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Hull-House (Chicago, Ill.). (10)     x 1890s (10)     x 1950s (10)     x 1930s (10)     x clear facets
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Arthur Hillman papers

Part of the Jane Addams Memorial Collection. Arthur Hillman (1910-1985) was a board member and director of the Chicago training office of the National Federation of Settlements and Neighborhood Centers as well as a professor of urban sociology at Roosevelt University. Associated with Roosevelt University since its founding in 1945, Hillman served as dean of the College of Arts and

Chicago Federation of Settlements and Neighborhood Centers collection

The collection contains minutes, speeches, annual reports, studies, reports, and correspondence dating from 1900 to the present. The materials pertain to Chicago area settlement houses, social work, childcare, public housing, poverty, Jane Addams, and Louise de Koven Bowen.

Henry Booth House records

The Henry Booth House Records include minutes, reports, correspondence, clippings, receipt books, surveys, questionnaires, brochures, social work files, research papers, photographs, negatives, and related materials from affiliated organizations such as the Hull House Association, Chicago Maternity Center, and Welfare Council of Metropolitan Chicago.

Hull House Association records

In 1963, Hull-House, the world-famous social settlement house founded by Jane Addams and Ellen Gates Starr, moved from its original location in the Near West Side of Chicago and decentralized its services. The newly restructured Hull House Association became the administrative entity overseeing a confederation of affiliated organizations that included former settlement houses, newly created community centers, and a myriad

Hull-House collection

Hull-House, founded in 1889 by Jane Addams and Ellen Gates Starr, was the first social settlement in Chicago. The settlement was incorporated in March, 1895, with a stated purpose to "provide a center for higher civic and social life, to initiate and maintain educational and philanthropic enterprises, and to investigate and improve the conditions in the industrial districts of Chicago."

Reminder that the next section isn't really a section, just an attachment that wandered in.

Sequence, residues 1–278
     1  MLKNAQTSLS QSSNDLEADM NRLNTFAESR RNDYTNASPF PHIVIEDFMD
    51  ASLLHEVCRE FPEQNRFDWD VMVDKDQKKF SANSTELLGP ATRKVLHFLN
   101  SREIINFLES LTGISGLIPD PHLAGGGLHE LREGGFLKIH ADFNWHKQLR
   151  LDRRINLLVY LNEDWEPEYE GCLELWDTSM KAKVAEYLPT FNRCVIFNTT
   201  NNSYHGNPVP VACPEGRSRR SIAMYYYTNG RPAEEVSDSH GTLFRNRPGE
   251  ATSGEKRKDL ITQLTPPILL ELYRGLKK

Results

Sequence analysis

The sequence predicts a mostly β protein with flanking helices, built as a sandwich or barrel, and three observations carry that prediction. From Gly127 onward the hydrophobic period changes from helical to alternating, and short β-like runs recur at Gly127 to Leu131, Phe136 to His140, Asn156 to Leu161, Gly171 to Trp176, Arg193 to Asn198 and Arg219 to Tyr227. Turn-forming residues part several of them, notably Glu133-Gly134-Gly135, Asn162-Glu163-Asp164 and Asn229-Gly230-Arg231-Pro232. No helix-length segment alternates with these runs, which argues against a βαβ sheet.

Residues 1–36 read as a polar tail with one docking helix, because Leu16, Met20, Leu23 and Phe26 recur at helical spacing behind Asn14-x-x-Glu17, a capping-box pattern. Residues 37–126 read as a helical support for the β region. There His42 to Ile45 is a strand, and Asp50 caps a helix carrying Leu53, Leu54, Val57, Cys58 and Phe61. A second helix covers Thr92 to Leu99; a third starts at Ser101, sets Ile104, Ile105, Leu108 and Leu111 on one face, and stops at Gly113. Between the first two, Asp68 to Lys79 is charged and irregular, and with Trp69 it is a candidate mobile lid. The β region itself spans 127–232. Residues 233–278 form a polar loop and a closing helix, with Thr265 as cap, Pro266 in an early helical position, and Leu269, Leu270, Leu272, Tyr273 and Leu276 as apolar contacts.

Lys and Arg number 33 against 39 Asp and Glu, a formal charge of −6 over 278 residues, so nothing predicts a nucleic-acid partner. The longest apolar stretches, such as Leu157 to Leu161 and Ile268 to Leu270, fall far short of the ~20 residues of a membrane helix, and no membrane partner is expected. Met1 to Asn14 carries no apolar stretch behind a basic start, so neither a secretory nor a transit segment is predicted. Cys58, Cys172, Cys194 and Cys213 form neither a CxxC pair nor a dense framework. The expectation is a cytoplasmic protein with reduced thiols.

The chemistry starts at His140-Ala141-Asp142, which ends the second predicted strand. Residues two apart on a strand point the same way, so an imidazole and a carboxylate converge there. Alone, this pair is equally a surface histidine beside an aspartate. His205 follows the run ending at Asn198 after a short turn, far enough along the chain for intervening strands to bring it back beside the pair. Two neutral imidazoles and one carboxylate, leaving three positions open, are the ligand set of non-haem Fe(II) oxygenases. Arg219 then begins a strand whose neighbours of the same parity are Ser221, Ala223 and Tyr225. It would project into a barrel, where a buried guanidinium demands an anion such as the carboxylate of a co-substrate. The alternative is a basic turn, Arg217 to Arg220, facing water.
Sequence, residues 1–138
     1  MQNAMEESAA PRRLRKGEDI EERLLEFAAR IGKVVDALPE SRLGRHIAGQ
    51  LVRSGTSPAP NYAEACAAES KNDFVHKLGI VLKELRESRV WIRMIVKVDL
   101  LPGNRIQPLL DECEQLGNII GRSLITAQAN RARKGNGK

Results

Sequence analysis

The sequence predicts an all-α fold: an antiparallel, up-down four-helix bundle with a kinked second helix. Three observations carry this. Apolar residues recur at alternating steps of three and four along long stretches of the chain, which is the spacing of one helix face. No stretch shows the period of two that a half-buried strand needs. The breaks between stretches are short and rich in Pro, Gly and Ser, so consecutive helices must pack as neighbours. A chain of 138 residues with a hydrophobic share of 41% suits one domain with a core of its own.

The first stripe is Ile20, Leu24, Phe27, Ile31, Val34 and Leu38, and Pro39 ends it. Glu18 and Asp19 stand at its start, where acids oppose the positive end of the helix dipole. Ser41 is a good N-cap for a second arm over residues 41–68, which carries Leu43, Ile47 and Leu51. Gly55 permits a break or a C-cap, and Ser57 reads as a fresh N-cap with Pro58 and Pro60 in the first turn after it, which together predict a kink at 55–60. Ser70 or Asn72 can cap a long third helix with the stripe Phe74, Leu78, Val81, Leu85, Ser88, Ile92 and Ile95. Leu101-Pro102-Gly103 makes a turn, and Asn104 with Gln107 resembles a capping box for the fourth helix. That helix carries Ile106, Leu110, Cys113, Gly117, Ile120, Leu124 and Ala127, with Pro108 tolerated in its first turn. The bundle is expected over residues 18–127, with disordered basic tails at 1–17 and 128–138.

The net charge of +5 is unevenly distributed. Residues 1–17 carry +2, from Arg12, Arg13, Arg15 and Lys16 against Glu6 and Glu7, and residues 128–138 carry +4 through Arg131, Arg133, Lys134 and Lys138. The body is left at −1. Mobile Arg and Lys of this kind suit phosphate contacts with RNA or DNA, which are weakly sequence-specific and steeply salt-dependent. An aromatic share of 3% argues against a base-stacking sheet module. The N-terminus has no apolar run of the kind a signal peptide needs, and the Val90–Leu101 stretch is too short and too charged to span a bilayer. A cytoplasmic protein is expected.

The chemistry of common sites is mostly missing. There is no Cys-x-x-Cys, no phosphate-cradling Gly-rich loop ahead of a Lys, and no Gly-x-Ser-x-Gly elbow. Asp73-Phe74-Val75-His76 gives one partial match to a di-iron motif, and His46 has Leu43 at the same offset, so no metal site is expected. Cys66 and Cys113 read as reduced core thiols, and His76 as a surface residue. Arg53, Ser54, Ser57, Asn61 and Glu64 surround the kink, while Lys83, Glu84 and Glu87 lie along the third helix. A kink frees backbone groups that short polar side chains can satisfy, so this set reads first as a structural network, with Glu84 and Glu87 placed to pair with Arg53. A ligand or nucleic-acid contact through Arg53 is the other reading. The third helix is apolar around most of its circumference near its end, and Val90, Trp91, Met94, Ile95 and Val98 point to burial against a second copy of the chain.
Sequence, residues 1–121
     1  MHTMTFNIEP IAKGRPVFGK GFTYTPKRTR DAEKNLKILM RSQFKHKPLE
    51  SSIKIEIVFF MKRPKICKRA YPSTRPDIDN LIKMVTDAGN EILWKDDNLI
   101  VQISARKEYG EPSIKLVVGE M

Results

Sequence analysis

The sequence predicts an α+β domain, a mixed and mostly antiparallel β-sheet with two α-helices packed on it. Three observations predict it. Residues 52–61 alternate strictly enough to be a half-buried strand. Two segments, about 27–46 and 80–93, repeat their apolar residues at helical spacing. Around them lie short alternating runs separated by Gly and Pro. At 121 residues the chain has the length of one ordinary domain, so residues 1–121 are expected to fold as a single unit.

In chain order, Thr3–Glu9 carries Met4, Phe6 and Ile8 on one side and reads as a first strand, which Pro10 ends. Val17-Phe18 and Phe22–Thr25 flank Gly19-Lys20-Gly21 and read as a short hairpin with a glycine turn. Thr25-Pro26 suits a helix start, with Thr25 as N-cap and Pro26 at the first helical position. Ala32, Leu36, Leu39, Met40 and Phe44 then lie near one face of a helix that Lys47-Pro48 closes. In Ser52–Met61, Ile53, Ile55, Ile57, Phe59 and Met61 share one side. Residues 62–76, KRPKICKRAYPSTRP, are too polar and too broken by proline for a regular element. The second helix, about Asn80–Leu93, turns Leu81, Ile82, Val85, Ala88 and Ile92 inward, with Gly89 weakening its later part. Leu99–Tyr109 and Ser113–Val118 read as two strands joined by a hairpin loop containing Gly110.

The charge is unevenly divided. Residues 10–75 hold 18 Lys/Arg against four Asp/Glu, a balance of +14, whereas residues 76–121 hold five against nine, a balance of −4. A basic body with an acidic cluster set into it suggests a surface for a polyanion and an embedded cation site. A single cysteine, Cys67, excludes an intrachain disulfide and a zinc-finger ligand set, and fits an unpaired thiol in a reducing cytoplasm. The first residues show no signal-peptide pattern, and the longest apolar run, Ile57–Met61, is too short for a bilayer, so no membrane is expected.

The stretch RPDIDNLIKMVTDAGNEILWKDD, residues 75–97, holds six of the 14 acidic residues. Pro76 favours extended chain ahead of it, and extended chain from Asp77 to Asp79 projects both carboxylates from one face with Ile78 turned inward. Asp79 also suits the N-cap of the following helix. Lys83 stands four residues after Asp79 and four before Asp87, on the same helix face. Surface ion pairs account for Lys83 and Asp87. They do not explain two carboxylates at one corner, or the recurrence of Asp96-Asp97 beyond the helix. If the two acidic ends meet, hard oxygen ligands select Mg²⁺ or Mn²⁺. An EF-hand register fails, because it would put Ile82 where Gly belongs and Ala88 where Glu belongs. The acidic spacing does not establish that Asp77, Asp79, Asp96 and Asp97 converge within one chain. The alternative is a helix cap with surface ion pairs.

Hyde Park Neighborhood Club records

The Hyde Park Neighborhood Club (HPNC) was founded in 1909 as part of the settlement house movement, to serve neglected or abandoned youth in Chicago's south side neighborhood of Hyde Park. It was deliberately named "the Club" as a reaction to the exclusivity of private clubs of the time. Over the years it has redefined its mission to respond to

Lea Demarest Taylor papers

Lea Demarest Taylor (1883-1975) daughter of Graham Taylor, founder of the Chicago Commons settlement house, and Leah Demarest Taylor was active in Chicago's social settlement movement. The collection contains correspondence, memos, articles, speeches, annual reports, minutes of meetings, and photographs.

Mary Bartelme papers

Part of the Jane Addams Memorial Collection. Part of the Midwest Women's Historical Collection. Mary Bartelme (1865-1954) was the first woman Judge of the Circuit Court of Cook County assigned to the Juvenile Court. She held that position from 1923 until her retirement in 1933. Prior to being elected a judge, Mary Bartelme worked in private practice as a probate

Off-The-Street Club records

The Off-The-Street Club (OTSC), Chicago's oldest boys and girls club, is a club for children and young adults located on Chicago's west side. The collection consists of annual reports, correspondence, organizational charts, newspaper clippings, newsletters, radio and television scripts, surveys, manuals, programs, published material, and photographs.

Wallace Kirkland papers

The collection consists of photography, writing, correspondence, exhibit materials and family papers of Wallace William Kirkland. The majority of the material dates from the early 1920s to Kirkland's death in 1979. The collection contains material pertaining to Kirkland's work with the YMCA, his career as a social worker at Hull-House, and his career as a photojournalist with Life Magazine. Also